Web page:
So when I went to Canada in 2008, I roughly yanked at the strings of my former life until they snapped completely. I wanted nothing to do with those strings, so I threw them away and pretended I hadn’t even begun to exist until then. And, in a sense, I hadn’t. The freedom to live and to become a person of my own choosing was mouth-wateringly juicy and hanging before me, and it was a fruit that would give of itself freely as long as I was willing to keep grasping it. I firmly and eagerly dug into Canada and implanted myself there, both physically and psychologically. I sewed it into my life’s tapestry as a very proud, very loud centerpiece. It wasn’t just a country to me, or a province, or a region, or a city to me. It was who I was. I thought I’d found who I was and that I didn’t need to search anymore.
But it was all still there. I still had the problem of moulding myself to fit my relationships, to fit whatever environmental situation I was in, to fit society. I called myself adaptable, but in reality I was very codependent and lacked a stable sense of self. I latched onto people, places, and things to give myself that cohesive, grounded feeling. It took me so long to leave my first husband–who was that online boyfriend who lived in Canada–partly because I thought not being his wife anymore would make me a nobody. The idea of being someone’s wife had always been paramount to me; I thought that it would give me some identity, making me someone instead of no one.
When my adopted mom passed away in 2012, I was suddenly faced with many horrible feelings. Grief, emptiness, and like things would never be the same. Normal feelings after losing someone.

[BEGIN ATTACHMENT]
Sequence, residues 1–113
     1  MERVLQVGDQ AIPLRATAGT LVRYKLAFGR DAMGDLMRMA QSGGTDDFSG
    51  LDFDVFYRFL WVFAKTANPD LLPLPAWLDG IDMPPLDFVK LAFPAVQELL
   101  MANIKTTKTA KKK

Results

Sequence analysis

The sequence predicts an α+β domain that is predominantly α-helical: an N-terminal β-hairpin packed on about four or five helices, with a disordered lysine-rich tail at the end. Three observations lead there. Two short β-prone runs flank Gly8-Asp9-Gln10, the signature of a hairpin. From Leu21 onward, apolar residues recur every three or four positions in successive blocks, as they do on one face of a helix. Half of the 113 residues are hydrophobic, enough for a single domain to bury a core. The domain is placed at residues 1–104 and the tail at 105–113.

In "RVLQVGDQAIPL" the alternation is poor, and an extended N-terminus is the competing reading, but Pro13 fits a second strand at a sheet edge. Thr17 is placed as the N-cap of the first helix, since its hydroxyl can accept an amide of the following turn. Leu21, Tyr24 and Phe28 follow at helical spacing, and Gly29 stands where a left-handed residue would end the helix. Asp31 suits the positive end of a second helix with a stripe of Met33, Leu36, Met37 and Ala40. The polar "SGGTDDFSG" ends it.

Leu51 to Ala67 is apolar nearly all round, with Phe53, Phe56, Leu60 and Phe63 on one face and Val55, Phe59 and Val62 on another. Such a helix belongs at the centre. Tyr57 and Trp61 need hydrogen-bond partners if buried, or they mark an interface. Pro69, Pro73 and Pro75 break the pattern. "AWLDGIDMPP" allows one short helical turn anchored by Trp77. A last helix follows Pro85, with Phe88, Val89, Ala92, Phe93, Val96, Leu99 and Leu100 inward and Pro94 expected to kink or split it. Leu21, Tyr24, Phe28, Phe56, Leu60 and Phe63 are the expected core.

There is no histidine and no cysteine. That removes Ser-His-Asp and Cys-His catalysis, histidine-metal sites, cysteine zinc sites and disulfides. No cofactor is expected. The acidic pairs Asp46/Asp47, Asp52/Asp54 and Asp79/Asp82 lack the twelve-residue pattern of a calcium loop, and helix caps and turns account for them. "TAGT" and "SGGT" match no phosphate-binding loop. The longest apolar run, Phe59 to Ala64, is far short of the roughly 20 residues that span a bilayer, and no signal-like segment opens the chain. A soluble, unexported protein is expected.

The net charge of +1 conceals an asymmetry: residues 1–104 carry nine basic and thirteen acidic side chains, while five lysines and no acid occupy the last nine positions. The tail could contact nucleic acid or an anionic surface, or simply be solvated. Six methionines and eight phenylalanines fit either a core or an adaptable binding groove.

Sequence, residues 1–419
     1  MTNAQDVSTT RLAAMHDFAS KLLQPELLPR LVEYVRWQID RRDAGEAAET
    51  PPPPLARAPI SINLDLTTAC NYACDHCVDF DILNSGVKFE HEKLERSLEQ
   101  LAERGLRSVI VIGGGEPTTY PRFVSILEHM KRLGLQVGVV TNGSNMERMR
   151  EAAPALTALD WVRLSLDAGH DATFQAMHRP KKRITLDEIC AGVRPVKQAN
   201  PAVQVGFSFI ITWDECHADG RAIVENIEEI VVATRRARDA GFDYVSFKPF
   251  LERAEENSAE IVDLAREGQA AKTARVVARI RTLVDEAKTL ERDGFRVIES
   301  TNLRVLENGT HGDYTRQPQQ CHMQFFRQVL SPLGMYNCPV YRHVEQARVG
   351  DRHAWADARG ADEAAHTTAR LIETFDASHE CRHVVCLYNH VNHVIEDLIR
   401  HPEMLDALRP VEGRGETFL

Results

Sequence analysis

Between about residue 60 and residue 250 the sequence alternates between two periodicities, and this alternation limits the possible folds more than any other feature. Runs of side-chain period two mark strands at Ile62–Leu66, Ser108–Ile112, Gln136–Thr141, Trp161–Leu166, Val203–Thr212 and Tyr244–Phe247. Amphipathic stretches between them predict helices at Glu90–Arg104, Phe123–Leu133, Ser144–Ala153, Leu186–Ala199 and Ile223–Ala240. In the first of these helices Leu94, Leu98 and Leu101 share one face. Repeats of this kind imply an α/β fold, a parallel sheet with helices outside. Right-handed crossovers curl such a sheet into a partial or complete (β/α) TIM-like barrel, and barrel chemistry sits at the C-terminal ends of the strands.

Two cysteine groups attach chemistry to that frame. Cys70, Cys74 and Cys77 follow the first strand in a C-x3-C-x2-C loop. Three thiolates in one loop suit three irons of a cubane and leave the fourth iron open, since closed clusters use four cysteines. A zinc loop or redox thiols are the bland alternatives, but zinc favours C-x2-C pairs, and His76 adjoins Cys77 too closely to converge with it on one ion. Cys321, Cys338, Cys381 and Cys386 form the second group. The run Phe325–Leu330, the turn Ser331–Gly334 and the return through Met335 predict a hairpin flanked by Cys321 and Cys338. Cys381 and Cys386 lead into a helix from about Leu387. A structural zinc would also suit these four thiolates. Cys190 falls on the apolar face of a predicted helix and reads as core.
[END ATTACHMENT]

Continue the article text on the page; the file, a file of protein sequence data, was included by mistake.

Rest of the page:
But there was also the horrible, dark and sticky realization that since the crafter of my psyche was gone, I REALLY had no idea who I was.
For a very long time, I felt like I was transparent and floating along through life. I felt mind-numbingly lost. Sure, I had my interests and hobbies, but who was I, really?
I didn’t know who I was as an artist.
I didn’t know who I was as a writer.
I didn’t know who I was as a family member, a daughter, a sister, an aunt.
I didn’t know who I was as a friend.
I didn’t know who I was as a wife.
I didn’t know who I was as a woman.
I didn’t know who I was as a human being.
I felt as though I were just a hollow shell, devoid of anything I could call my own. I felt so detached. I didn’t even feel like my name was my own. I looked in the mirror every day and saw my parent staring back at me. As I had done over the years, I engaged in self-harm to punish the person who only ever seemed to belong to everything and everyone but to herself.
I have to be somebody, I thought dully, on one of those days where I didn’t have the mental or physical energy to get out of bed. I can’t be someone just because of other people.